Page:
Blanton director Simone Wicha told Artsy that she and her staff are presenting the work as part of a larger effort to ensure that the museum honors “multiple voices and histories that haven’t been told.” She views the exhibition as both an attempt to show artists of diverse backgrounds in the museum, and as a means of inciting serious conversations about race on campus.
Vincent Valdez, Untitled, from the series “The Strangest Fruit,” 2013. © Vincent Valdez. Courtesy of the Blanton Museum of Art.

Vincent Valdez, Untitled, from the series “The Strangest Fruit,” 2013. © Vincent Valdez. Courtesy of the Blanton Museum of Art.

Vincent Valdez, Untitled, from the series “The Strangest Fruit,” 2013. © Vincent Valdez. Courtesy of the Blanton Museum of Art.

Vincent Valdez, Untitled, from the series “The Strangest Fruit,” 2013. © Vincent Valdez. Courtesy of the Blanton Museum of Art.

Valdez, of course, is not the first artist to select the Ku Klux Klan as subject matter. artist depicted the white supremacist organization in a 1933 mural for Indiana University, in attempt to acknowledge and condemn the state’s history of racial violence. Last year, students lobbied for its removal, arguing that its presence in a lecture hall forced class attendees to look at such troubling images. (The painting stayed, but the university no longer hosts courses in the room.) ’s America the Beautiful (1960) depicts a procession of Klansmen against a stark black background. In the late 1960s, began painting the Klan in a grotesque, cartoonish style; in The Studio (1969), a hooded figure stands at an easel, suggesting Guston’s own sense of guilt and shame. In 1990, —an artist of Honduran and Afro-Cuban descent—photographed Klan leaders hidden behind their regalia.
Though it just opened today, the show has already garnered strong sentiment online. One commenter on yesterday’s New York Times article about The City I wrote: “What we saw in Charlottesville was unvarnished [sic] and better serves Mr. Valdez’s point. I’m afraid the Blanton missed the mark here. This is no Guernica, no 3rd of May. Yawn.” In other words, the painting is far weaker than and ’s politically-minded masterpieces—and much less galvanizing than the events that are now unfurling daily on television and throughout the media.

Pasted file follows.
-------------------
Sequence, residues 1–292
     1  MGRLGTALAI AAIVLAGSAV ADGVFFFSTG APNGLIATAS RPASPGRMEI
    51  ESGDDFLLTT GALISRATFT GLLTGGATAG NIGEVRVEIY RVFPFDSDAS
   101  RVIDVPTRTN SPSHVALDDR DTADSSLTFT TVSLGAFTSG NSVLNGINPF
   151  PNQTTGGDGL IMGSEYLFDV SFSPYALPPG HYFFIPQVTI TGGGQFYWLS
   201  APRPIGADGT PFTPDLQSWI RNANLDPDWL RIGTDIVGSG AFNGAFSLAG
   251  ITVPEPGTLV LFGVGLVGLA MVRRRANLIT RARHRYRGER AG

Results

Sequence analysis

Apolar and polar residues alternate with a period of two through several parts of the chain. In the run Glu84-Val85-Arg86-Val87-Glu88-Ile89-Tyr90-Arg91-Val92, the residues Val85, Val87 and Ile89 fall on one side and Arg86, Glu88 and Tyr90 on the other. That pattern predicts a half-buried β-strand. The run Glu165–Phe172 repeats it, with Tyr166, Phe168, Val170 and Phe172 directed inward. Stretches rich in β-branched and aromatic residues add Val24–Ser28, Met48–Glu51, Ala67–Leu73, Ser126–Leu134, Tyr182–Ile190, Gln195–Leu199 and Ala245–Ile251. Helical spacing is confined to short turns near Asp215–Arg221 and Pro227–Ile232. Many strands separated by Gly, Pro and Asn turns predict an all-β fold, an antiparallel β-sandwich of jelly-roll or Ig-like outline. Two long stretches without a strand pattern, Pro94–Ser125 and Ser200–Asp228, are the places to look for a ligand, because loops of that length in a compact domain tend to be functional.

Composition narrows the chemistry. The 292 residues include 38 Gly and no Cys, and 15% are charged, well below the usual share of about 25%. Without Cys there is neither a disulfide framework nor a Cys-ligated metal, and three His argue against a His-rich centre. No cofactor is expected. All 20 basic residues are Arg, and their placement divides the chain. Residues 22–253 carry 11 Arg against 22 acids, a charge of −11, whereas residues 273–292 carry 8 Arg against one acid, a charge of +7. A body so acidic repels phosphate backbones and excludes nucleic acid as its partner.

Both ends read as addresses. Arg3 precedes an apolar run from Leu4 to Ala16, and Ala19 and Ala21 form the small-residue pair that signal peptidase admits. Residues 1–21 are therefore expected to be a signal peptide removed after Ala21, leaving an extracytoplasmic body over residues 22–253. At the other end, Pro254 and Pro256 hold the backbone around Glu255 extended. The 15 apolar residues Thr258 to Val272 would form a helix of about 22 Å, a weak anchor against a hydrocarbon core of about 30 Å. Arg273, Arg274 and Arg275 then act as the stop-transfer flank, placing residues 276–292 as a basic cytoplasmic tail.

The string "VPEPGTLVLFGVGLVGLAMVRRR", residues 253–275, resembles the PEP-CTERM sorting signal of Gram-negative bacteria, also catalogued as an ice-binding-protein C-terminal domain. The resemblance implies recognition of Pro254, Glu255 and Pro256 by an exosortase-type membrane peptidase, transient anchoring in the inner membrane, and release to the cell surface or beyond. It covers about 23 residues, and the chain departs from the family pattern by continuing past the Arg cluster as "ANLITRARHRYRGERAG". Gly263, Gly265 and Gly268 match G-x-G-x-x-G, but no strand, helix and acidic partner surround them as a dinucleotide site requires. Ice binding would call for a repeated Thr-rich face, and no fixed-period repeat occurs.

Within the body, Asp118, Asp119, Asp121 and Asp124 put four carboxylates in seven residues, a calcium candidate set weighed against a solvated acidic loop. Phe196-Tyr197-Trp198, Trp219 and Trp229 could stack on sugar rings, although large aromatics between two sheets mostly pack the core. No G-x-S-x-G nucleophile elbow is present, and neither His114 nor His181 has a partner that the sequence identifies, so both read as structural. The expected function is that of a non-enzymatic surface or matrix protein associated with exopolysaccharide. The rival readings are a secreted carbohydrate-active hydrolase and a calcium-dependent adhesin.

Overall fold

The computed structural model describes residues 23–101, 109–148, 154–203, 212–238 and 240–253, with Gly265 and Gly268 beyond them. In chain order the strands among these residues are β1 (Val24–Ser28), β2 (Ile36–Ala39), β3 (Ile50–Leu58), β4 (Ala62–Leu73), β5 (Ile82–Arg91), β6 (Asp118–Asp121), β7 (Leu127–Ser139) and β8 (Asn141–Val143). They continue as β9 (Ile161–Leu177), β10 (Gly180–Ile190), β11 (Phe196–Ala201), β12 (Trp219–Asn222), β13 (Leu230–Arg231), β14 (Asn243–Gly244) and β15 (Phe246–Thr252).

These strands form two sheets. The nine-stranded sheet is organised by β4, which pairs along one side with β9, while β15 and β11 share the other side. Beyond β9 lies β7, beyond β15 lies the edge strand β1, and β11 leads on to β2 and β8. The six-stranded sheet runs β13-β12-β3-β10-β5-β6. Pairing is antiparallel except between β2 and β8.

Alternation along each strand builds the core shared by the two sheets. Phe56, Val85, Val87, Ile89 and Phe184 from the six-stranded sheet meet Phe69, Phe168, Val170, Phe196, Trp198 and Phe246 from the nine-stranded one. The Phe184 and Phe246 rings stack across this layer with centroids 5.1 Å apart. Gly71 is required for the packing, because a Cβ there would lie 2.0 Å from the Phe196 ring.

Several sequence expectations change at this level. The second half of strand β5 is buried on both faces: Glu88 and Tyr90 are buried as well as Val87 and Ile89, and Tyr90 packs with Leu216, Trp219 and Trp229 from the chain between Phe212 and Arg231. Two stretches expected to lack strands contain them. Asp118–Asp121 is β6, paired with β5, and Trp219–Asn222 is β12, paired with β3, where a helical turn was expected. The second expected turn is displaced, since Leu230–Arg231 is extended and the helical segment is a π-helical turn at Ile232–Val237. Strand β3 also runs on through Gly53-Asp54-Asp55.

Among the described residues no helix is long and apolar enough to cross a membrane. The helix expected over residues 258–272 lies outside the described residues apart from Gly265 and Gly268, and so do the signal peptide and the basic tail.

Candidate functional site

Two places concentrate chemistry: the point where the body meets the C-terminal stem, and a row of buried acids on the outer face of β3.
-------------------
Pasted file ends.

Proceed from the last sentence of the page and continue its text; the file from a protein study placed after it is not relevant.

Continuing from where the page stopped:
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A subsequent commenter offered an opposing assessment, finding that the painting made too much of an impact: “I would avoid a museum that displayed such a painting,” they wrote. “Even the photograph in this article is too frightening for me and I would never want a child to see such a photograph or painting.”
Valdez, for his part, hopes viewers will consider just how strongly racial anxieties still plague the country. Militarizing the border and ripping apart families are today’s most damning evidence of Americans’ fears, he asserted. “I aim to bring an awareness into institutions that are sometimes considered safe spaces, somewhat sterile in their ability to confront and respond to the world,” Valdez said.
Alina Cohen is a Staff Writer at Artsy.

Cover image: Vincent Valdez in his studio, 2016. © Michael Stravato. Courtesy of the Blanton Museum of Art.